From: "Sjoerd Koppert" <sjoerd@n...>
Date: Mon Jan 22, 2001 9:32 am
Subject: Re: Heating in converted garage studio
--- In acoustics@e????ups.com, SRF7@a... wrote:
> In a message dated 1/20/01 11:36:52 AM Pacific Standard Time,
> tlawhon@c... writes:
> > I live in northern California and it gets fairly cold during the
> > (with snow) so heating is important. The entire structure is
> > 25' x 31' with 11' ceilings inside. The options here for energy
> > electric, propane, wood, and something called monitor heat, which
> > on kerosene. Any and all input is appreciated.
> > Terry Lawhon
> Given that you are in CA you probably should let economical
> your choice (windmills, might be cheapest in the long run).
> Any style of heater can be conveyed in a manner acousically
> Stay away from metal duct/vent/chimney work that crosses from the
> room to the studio work spaces. Build a mechanical room and do any
> metal ducting directly from this space to the outside/attic.
> In connections to the workspaces use oversized flexible ducting.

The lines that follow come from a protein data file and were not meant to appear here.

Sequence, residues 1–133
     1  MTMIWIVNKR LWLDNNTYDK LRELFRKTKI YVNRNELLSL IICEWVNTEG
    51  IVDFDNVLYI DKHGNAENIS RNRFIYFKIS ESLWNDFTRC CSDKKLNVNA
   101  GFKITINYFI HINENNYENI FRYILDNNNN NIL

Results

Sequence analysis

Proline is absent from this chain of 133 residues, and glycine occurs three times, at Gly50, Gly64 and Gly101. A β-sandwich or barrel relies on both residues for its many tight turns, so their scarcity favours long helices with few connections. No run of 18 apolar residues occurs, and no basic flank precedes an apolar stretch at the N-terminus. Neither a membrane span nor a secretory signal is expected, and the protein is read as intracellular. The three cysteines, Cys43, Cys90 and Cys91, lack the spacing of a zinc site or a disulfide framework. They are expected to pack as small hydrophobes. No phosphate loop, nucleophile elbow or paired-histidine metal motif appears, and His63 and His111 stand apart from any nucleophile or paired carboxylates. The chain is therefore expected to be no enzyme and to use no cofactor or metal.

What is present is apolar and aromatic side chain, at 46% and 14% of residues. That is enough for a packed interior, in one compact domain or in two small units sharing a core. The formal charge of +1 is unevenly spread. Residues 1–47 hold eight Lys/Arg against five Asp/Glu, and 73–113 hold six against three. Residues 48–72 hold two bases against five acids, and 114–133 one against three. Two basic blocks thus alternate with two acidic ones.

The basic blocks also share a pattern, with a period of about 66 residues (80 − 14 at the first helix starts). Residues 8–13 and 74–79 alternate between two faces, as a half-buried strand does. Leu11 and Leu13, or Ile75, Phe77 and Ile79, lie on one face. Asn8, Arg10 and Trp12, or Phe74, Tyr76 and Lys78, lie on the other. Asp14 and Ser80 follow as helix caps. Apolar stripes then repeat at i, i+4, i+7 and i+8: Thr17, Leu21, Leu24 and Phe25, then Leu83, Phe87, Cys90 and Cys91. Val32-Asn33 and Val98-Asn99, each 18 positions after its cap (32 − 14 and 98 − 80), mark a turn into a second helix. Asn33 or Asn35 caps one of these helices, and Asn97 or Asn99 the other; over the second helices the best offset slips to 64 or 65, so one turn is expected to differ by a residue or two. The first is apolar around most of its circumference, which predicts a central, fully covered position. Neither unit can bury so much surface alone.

> the system to the different work areas as close to the supply fan
> return as possible (just above the air handler). Run extra long
> runs to put curves in the duct work (sound doesn't go around
> If you do all of the above and you buy a quiet unit (some are much
> than others - talk about this to your HVAC supplier) you can
> building baffle boxes etc. I probably used about twice the length
> flexible duct that my rooms would normaly have required ... but I
> ANYTHING from my system ... feeling the warm or cold air is the
only clue as
> to whether the system is on.
> Scott R. Foster
And then of cause there is insulated flexible duct, which goes around
corners like a dream and absorbs all sound.